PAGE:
Off the Charts
We‘ve reached peak infographic, and we’re no smarter for it.
Dylan C. Lathrop is a designer who thought it was yesterday all day.
If I were to chart the evolution of my attitude toward infographics over time, it would start with a soaring arc, dip and rise, then drop into a steady flat line. My personal interest in data visualizations has waned, but demand is higher than ever—and I’ve devoted much of my career to propping up that demand. For three years, I’ve distilled data into graphs and illustrations that I’m proud to call my own. But I’ve also scratched my head at more slickly designed, low-info infographics than I care to count.
Infographics may seem like the design trend of the moment, but they have a long history. In 1920s Europe, Otto Neurath and Gerd Arntz launched “The Isotope Project,” pioneering the use of simple visual methods for conveying critical data. Neurath, a social scientist, wanted to create an “international picture language” that could explain important political and social issues to people who couldn’t read. With designer Arntz, he created 4,000 pictograms to communicate information necessary to ordinary lives. Many of their original icons still grace our bus stops and government buildings.
Neurath and Arntz were designing for an audience that couldn’t read. Today, many people just don’t want to. There’s never been more data at our fingertips, but most of us have trouble making sense of that glut of information unless it’s shaped into cohesive nuggets. Enter the modern infographic, which has moved away from the elegant simplicity of the Isotype icons in favor of communicating entire data sets in one smartly designed package.
Our data is growing more complicated just as readers are getting less patient. Even the best illustration can’t bridge the comprehension gap. Sometimes, good design even enables mental shortcuts. Glance at an infographic, and you can feel like you’ve processed massive amounts of information. Share, tweet, or like the infographic online, and your friends can see just how much you’ve learned without even looking themselves. Designers (and the outlets that commission them) have figured out that they can emphasize pretty and clicky over useful and interesting, which means Neurath and Arntz’s work has taken on an exploitative new dimension.
Ever peered deep into the belly of an infographic and wondered, “Is there anything connecting these numbers other than this illustration?” You’re just beginning to see the Matrix, Neo. The model of simplicity executed by Neurath and Arntz has mutated to become more about design than data, creating a glut of attractive imagery with little reliable or even compelling information. Isotype worked because it collected relevant civic data and distributed it using functional design. Today, the goal is to make infographics viral, regardless of the story they tell. This practice has broadened the definition of what we refer to as an “infographic.”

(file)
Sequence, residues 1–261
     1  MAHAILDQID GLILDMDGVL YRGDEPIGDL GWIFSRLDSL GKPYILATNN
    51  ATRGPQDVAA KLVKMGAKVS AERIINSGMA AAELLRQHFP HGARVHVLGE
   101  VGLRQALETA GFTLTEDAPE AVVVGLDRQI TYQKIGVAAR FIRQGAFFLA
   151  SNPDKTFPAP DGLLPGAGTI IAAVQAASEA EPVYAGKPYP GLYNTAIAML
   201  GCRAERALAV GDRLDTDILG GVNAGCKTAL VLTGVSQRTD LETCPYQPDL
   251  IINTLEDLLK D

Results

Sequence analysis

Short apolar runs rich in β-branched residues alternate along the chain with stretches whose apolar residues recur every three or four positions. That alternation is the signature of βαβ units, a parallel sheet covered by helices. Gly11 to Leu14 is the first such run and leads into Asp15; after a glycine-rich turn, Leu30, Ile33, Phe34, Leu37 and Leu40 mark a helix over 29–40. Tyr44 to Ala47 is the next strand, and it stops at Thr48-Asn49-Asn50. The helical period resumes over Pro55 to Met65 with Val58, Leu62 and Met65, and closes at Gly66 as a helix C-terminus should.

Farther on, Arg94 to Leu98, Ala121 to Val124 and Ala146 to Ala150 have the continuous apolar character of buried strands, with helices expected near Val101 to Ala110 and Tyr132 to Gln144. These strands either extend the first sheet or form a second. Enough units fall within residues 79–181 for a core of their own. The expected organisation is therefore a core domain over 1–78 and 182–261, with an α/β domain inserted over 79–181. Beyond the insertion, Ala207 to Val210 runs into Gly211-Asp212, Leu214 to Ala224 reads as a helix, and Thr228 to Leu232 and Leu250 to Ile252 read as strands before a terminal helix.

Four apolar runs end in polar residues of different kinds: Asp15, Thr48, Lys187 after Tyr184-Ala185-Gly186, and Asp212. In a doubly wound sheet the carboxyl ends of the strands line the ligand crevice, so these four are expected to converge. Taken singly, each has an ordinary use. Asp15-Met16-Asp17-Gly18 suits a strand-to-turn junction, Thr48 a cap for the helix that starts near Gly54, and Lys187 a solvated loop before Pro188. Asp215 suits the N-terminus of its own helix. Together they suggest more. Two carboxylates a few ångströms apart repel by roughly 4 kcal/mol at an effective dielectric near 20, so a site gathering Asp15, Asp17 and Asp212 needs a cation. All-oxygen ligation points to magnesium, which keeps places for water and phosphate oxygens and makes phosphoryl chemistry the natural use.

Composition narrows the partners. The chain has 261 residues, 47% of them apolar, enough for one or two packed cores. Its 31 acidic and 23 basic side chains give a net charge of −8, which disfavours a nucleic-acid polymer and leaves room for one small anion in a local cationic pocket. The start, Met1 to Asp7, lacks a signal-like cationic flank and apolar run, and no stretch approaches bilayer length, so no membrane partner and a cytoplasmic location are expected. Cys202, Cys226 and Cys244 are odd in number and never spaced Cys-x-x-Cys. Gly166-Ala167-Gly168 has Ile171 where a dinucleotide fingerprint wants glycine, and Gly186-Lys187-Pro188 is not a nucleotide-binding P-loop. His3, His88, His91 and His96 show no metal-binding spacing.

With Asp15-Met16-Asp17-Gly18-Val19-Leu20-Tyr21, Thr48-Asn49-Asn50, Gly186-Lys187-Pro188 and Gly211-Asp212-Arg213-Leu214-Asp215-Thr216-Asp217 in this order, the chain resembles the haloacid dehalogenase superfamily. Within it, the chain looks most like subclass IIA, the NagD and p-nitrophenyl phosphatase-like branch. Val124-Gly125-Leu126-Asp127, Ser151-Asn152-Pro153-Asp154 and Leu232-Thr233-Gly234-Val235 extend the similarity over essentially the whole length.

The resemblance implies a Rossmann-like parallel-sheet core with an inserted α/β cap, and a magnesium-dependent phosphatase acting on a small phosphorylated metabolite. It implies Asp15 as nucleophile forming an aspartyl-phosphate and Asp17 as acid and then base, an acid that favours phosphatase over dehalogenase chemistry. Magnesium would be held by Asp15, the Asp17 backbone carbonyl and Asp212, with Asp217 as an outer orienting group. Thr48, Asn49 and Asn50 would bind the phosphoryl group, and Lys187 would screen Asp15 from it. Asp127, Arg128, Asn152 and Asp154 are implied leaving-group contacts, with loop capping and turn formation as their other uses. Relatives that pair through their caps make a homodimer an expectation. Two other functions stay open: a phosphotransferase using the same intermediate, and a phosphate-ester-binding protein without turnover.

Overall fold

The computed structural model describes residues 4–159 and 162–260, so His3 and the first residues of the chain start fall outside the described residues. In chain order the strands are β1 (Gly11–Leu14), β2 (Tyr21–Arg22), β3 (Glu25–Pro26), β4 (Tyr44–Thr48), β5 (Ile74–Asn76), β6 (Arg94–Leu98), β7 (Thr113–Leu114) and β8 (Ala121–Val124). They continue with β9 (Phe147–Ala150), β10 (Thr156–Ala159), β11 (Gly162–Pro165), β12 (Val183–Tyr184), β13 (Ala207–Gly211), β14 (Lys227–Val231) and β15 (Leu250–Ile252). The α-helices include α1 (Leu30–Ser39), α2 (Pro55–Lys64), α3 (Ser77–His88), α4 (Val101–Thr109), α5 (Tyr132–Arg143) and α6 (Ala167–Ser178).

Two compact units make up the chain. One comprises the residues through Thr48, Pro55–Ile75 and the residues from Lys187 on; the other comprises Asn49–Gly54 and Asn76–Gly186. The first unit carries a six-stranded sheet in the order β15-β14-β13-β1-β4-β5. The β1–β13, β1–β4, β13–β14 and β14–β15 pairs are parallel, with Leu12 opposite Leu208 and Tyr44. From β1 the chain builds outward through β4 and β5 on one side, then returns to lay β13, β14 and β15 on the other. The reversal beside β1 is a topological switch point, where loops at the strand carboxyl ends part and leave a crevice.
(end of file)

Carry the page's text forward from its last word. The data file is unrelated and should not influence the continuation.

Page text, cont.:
I’ve been part of the problem. Once, I was asked to create an infographic using some weak data on marijuana. I pushed through a design that amounted to three weed-joke illustrations, no charts, and almost no numbers. Forgive me, Otto, for I have sinned. May this joint light the way to my redemption.
It’s time we acknowledge the shortcomings of infographics as much as we celebrate their upsides. That’s harder to do now that infographics have exploded as a cottage industry within design. The boom began in 2006 with the launch of GOOD magazine, my former employer, which emphasized infographics from the start and was named a National Magazine Award finalist for its work in 2008. Fast Company and Wired entered the game. Today, entire design studios are dedicated to creating these illustrative data dumps.
Since leaving my job earlier this year, I’ve had the opportunity to create infographics on a freelance basis for several publications. When I speak to potential clients, I often realize that they’re more interested in churning out the form than in telling a story. An idea without supporting data; a list; a business plan; a resume—none of these are infographics, no matter what they’re labeled. And even if the data exists, just because you can create an infographic doesn’t mean you should.
Worse yet, private businesses are increasingly controlling the form. Companies looking to illustrate their capabilities and showcase their potential collaborate with a “media producer” to present the facts as the company sees them. There’s nothing wrong with a business leveraging visual vocabulary to tell its story. But potential customers tend to view an infographic less skeptically than an ad.
These visual interlopers haven’t undercut the form entirely. There are still honest-to-goodness data visualizers out there, like Bloomberg Businessweek’s Jennifer Daniel and Facebook’s Nicholas Felton, and other talented artists pushing infographics in new directions, like New York Times contributor Andrew Kuo. But more and more infographics are starting with questions like “Will this blow up on the internet?” or demands such as “I want an infographic! About what? Whatever!” And these so-called information graphics threaten to undermine even the most shining examples.
Infographics can evolve by transcending cold data-breakdown, and combining data visualization with more human narratives. Some publications have begun to present well-designed information in tandem with deeply reported pieces online, and the future it represents is thrilling. I’m not ready for an infographic about the death of infographics, but I’m sure someone somewhere has already assigned that piece, and is just waiting for us all to click.